Prospect victory in European landmark pay claim

Prospect victory in European landmark pay claim

A principal inspector of health and safety is celebrating a judgement in the most important equal pay case to be brought in the last 10 years after the European Court of Justice created case law which supports her claim that she has been the victim of sex discrimination.

Today’s decision by the ECJ enshrines in law the right for employees to tackle pay inequality where employers unreasonably use length of time in service as defence against pay differences in comparable roles.

The ruling marks a milestone in Bernadette Cadman’s fight for justice against her employer the Health and Safety Executive that started five years ago at a UK employment tribunal hearing. Her union Prospect has supported her throughout.

It will have widespread implications for any employer whose pay or benefits system rewards length of time in employment which, when challenged, it cannot justify. Cadman’s case will now return to the UK legal system where the union will pursue her claim, along with those of other Prospect members, on the basis of today’s announcement.

Cadman worked for HSE for 13 years and was promoted to a band 2 inspector in 1996. Five years later, after checking with personnel she discovered she was earning £5,000 to £9,000 per year less than male colleagues on the same grade. The union and legal representatives from Russell Jones & Walker argued that it is unlawful to allow colleagues in a comparable role to be paid more solely on the basis of length of service without any need to justify the extra money.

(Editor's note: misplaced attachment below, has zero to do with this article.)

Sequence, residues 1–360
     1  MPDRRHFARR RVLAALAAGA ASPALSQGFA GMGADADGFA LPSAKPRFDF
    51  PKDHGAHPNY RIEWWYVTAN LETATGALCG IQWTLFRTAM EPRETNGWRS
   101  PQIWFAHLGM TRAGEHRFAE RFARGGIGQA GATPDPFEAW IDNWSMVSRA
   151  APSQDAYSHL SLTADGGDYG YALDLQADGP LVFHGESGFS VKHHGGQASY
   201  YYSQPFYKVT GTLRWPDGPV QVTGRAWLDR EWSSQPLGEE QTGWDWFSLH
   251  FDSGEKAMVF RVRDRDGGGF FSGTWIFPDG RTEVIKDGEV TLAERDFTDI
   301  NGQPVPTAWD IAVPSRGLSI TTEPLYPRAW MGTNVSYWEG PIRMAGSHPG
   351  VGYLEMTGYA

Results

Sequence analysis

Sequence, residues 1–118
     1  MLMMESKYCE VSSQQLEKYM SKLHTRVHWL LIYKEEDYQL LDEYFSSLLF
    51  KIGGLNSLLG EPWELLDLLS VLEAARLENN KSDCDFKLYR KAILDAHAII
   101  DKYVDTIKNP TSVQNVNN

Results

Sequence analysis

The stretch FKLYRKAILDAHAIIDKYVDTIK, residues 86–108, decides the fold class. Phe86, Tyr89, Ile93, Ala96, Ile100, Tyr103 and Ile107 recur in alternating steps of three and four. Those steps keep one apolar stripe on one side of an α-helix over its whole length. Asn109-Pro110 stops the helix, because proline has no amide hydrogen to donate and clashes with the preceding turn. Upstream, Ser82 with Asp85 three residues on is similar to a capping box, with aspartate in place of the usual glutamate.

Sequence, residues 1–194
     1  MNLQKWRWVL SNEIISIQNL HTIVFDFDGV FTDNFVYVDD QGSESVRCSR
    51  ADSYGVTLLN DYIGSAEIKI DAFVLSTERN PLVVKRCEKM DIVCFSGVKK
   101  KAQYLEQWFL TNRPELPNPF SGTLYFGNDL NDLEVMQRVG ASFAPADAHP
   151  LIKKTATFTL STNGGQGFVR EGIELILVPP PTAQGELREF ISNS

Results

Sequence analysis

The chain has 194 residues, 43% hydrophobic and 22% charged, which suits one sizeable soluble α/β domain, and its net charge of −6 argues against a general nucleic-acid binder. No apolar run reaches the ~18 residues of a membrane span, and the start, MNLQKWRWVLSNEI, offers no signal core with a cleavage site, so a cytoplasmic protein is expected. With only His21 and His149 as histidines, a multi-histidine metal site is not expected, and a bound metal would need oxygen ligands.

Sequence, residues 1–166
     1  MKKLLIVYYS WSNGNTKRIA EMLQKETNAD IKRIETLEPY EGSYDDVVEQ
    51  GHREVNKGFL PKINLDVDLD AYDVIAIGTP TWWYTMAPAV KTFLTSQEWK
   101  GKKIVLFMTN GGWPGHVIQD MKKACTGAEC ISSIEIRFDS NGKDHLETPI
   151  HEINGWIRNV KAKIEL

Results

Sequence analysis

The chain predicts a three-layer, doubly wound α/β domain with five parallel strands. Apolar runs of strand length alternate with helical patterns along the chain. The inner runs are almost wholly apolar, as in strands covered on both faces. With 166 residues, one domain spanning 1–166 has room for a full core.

Prospect General Secretary Paul Noon said: "The ruling has proved that on-going differences in pay due solely to historical length of service cannot be justified indefinitely. This will have enormous implications not just across the public service, but for any employer whose pay or benefits system unreasonably rewards length of time in employment, including enhanced leave to reward years in service.

"The Government and the Treasury pay lip service to calls to modernise pay systems but now they will need to remove their heads from the sand. A recent meeting with the Chief Treasury Secretary revealed that no provisions or additional funding will be made available to take account of this ruling and outstanding anomalies will have to be resolved within the Chancellor’s stranglehold of a 2 per cent pay remit. That is not acceptable."

Cadman’s case was backed with evidence from the Equal Opportunities Commission which showed that when service-related pay is analysed, women are often clustered at the lower parts of the pay band because statistically they have on average shorter service due mainly to children or other care responsibilities or, as in this case, the workforce has been traditionally male dominated.

Bernadette Cadman commented: "Equal pay is an important issue for women. I am grateful for the support of my union and delighted that the ruling makes clear that pay systems that result in the unfair treatment of women are not acceptable. This is not about winning compensation, but about recognition that women should not be paid less than their male counterparts."